The US has put the Coyote Air Defense weapon at al-Tanf and it seems to have some success against drones.

Aside from the Patriot and Avenger, probably also stand-alone Stinger MANPADS, the US has the C-RAM (Counter rocket, artillery, and mortarrapid fire gun system.  C-RAM fires hundreds of rounds at a single target (typically around 300 per target).  C-RAM is at the al-Assad base and is also used around the Green Zone in Baghdad where the US Embassy is located and which has been attacked mainly by short range rockets.  C-RAM is a last resort system and is based on the Navy’s Phalanx gun system.

The US is in bad shape on an adequate air defense capability.  It has the new NASAMs system (developed by Norway and the US) which fires AMRAAM air to air missiles adapted for ground use.  It is said to be installed to protect the White House.  It is in use in Ukraine.  AMRAAM is not suited to engage ballistic missiles.  The US Army and US Marines are, separately, working on a new generation of air defense systems, but it will be some time before they are fully developed, tested and deployed. Meanwhile the US is short on Patriot missiles, and when it does have them, Ukraine is gobbling them up.

The US also has two Israeli-US Iron Dome systems, both of which the Army has been trying to trash.  These could be used to protect US troops in Iraq and, perhaps, Syria although Israel might fear a transfer to Syria and block it.  Iron Dome is a proven system and its interceptor Tamir missiles and command system is being used by the US Marines for their medium range tactical air defense system.  One existing Iron Dome system could help defend Erbil and the other could help strengthen defenses in al-Assad.  Yet the army has preferred to reject the use of the Israeli-US Iron Dome, leaving US troops at great risk.  Deploying the available Iron Dome system would let the Patriot system concentrate on ballistic missile threats and, in the process, save some lives.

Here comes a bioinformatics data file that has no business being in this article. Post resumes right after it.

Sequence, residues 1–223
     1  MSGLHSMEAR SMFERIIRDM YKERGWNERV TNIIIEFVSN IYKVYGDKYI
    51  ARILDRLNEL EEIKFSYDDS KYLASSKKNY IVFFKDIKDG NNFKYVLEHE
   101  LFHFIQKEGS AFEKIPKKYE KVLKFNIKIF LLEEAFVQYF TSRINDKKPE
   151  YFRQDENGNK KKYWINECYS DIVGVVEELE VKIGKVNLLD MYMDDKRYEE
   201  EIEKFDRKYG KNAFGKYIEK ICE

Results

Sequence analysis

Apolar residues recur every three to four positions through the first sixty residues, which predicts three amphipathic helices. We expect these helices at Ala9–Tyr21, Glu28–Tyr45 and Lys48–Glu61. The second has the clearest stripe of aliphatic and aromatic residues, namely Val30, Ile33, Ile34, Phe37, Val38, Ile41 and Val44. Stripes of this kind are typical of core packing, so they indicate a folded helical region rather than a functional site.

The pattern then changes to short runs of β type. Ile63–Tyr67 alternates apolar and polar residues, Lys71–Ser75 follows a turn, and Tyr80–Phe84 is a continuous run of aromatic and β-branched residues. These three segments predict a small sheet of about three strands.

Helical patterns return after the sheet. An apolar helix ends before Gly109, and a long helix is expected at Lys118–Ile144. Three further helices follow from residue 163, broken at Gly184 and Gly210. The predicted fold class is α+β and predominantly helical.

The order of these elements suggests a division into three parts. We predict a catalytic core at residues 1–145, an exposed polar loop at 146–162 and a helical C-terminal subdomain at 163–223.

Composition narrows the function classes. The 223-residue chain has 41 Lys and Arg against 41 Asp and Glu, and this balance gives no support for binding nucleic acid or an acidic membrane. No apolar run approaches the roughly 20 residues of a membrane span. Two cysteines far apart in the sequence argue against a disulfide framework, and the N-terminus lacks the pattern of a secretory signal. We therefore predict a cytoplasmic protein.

Another alternative is for the US to shift its deployment from al-Assad and deploy the air defense equipment there instead. This would meet the Congressional requirement of providing air defenses (although this time they would be solely in US hands). The Patriot and C-ram could move, and in addition one of two Iron Dome units could be deployed there too. We need to keep in mind that the recent attacks on Erbil were carried out by the Iranian Guards and the ballistic missiles were fired from Iran. Erbil needs defenses urgently and by rearranging our deployment we would be in a much stronger position to help.

There is no good solution for Syria unless Israel will allow Iron Dome there. Given the dangers in the Syrian deployment, it would be better to help the Kurds as best we can and keep our presence diffused to reduce the likelihood the enemy can easily target our troops.

All in all, the suggested redeployment would remove an easy target at al-Assad for Iran-backed Shia groups. It would reinforce Erbil and support US interests without evacuating Iraq.

Stephen Bryen

Stephen Bryen is a former Deputy Under Secretary of Defense and is a leading expert in security strategy and technology. Bryen writes for Asia Times, American Thinker, Epoch Times, Newsweek, Washington Times, the Jewish Policy Center and others.